- Know how a moving magnetic field can produce an electric current (generator) and how an electric current can produce a magnetic field (electromagnet).
- Know that earth has a magnetic field.
- Know that an object's motion is always described relative to some other object or point (i.e., frame of reference).
- Understand and apply Newton's laws of motion: objects in motion will continue in motion, and objects at rest will remain at rest, unless acted upon by an unbalanced force (inertia). If a greater force is applied to an object, a proportionally greater acceleration will occur; if an object has more mass, the effect of an applied force is proportionally less.
Students will understand the properties, structures and processes of living things and the interdependence of living things and their environments.
8th grade students should...
1. Explain the diverse structures and functions of living things and the complex relationships between living things and their environments.
- Describe how matter moves through ecosystems (e.g., water cycle, carbon cycle).
- Describe how energy flows through ecosystems (e.g., sunlight, green plants, food for animals).
- Explain how a change in the flow of energy can impact an ecosystem (e.g., the amount of sunlight available for plant growth, global climate change).
2. Understand how traits are passed from one generation to the next and how species evolve.
- Understand that living organisms are made mostly of molecules consisting of a limited number of elements (e.g., carbon, hydrogen, nitrogen, oxygen).
- Identify DNA as the chemical compound involved in heredity in living organisms.
- Describe the widespread role of carbon in the chemistry of living systems.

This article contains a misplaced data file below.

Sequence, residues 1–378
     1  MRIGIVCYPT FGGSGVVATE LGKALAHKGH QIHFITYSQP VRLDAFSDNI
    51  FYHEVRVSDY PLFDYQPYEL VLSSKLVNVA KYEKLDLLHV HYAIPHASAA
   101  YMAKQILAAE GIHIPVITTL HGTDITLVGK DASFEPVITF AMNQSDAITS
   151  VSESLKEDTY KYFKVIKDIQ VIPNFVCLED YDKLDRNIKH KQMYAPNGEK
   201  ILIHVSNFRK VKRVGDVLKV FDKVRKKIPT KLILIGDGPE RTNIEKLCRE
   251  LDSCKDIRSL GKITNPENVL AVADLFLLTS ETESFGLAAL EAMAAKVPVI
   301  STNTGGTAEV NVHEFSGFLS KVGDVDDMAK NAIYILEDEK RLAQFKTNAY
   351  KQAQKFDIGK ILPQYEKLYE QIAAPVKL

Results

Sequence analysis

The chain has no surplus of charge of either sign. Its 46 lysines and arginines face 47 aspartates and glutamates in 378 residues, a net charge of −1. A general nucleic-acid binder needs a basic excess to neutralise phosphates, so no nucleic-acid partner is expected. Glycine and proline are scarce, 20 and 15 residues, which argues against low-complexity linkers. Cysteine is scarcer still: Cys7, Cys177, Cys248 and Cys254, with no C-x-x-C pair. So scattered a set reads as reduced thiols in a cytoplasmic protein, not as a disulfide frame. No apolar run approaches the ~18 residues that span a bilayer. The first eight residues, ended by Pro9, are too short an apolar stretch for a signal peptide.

3. Understand the structure of organisms and the function of cells in living systems.
- Describe how cells use chemical energy obtained from food to conduct cellular functions (i.e., respiration).
- Explain that photosynthesis in green plants captures the energy from the sun and stores it chemically.
- Describe how chemical substances can influence cellular activity (e.g., pH).
Earth, Solar System & Universe
Students will understand the structure of earth, the solar system and the universe, the interconnections among them and the processes and interactions of earth's system.
8th Grade Students Should...
1. Describe how the concepts of energy, matter and force can be used to explain the observed behavior of the solar system, the universe and their structures.
- Understand how energy from the sun and other stars, in the form of light, travels long distances to reach earth.
- Explain how the properties of light (e.g., emission, reflection, refraction) emitted from the sun and stars are used to learn about the universe, including: distances in the solar system and the universe, and temperatures of different stars.
- Understand how gravitational force acts on objects in the solar system and the universe, including similar action on masses on earth and on other objects in the solar system; and explain the orbits of the planets around the sun.
2. Describe the structure of earth and its atmosphere, and explain how energy, matter and forces shape earth's systems.
- Describe the role of pressure and heat in the rock cycle.
- Understand the unique role that water plays on earth, including its ability to remain liquid at most earth temperatures, properties of water related to processes in the water cycle (evaporation, condensation, precipitation, surface run-off, percolation, dissolving of minerals and gases and transport to the oceans, fresh and salt water in oceans, rivers, lakes and glaciers, and reactant in photosynthesis).
- Understand the geologic conditions that have resulted in energy resources (e.g., oil, coal, natural gas) available in New Mexico.